The Modigliani market has been as faddish as any painter’s in the recent rollicking years of art-mania. Even then, big money gravitated toward some works and others struggled. So Modigliani might be as good an indication of the after-the-fall market. The Economist looks at the two works leading the London Impressionist and Modern sales. One is a Caryatid (left) estimated at between £6-8 million. (A pair sold four years ago at Sotheby’s for £2.7m and another 2 and a half years ago at Christie’s for £3.5m) Another is a portrait of two girls estimated at between £3.5-5.5m.
(Excerpts from the Economist’s description of the works after the jump.)
By 1913, Modigliani had been in Paris for seven years. He dreamt of creating a great series of stone caryatids, inspired by the nude or partly draped female figures that supported the stone entablatures of ancient Greek temples. Ultimately, he managed only two full-length figures, turning his attention instead to two-dimensional forms, executing a large number of studies and drawings and just five in oil.
Freed of the need to bear a load, which would have subtly affected the shape of the shoulders and thighs, Modigliani’s painted caryatids instead become highly stylised attenuated female forms. Narrow-waisted and long-limbed, they seem to hark back more to the Kouros figures of classical Greece: abstract, rhythmic and ready for some pagan dance. It comes as no surprise to learn that not long before painting “Cariatide” (pictured, left) in 1913 Modigliani met Constantin Brancusi, also a foreigner in Paris, with whom he shared an interest in reducing the human body to the most minimalist sculptural form.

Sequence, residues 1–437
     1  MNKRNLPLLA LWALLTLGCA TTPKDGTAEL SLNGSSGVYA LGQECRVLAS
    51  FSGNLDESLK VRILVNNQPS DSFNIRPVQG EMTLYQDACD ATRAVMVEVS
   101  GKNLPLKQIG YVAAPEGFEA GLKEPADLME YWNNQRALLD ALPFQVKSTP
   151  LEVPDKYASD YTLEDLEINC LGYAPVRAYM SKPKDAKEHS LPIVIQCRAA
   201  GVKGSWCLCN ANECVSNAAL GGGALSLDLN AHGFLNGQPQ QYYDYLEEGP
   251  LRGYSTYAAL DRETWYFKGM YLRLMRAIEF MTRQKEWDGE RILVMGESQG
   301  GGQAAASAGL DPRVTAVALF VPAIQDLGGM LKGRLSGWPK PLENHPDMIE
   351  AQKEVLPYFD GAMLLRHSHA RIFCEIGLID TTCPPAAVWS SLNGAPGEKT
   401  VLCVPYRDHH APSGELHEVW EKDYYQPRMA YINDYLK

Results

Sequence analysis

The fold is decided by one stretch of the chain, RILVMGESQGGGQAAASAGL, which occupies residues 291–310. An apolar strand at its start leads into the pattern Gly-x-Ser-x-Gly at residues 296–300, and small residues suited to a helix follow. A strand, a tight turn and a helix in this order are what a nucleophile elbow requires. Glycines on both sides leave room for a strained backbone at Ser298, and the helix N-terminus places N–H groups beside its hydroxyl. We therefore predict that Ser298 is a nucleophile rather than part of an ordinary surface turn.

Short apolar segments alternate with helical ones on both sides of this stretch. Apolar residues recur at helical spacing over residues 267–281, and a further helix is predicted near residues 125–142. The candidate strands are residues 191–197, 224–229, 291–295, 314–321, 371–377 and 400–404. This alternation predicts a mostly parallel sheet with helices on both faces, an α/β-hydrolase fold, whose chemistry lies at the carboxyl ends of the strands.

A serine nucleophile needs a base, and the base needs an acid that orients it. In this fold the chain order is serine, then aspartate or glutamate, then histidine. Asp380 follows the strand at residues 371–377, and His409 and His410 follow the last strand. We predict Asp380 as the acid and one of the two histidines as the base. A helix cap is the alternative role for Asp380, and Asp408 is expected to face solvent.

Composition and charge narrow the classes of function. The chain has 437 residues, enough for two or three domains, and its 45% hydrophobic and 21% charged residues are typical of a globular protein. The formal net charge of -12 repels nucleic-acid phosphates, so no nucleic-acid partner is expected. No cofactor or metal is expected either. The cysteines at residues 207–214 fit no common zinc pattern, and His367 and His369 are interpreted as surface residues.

But what a difference five years makes. In 1918, Modigliani left Paris for the south of France. The first world war, and the attendant shortages of food and heating coal, had taken their toll on his health, and when the bombardment of Paris began in the final months of the war, his dealer Léopold Zborowski left for the Côte d’Azur. [ . . . ]
The two figures in “Les Deux Filles” inhabit their own private, wordless worlds. So different—in age, colouring and comportment—they nevertheless share some connection. Are they sisters? Are they two girls? Or an adult and a child? Did they represent the females who were so important to Modigliani?
Sex, Drugs and Deep, Deep Eyes (Economist)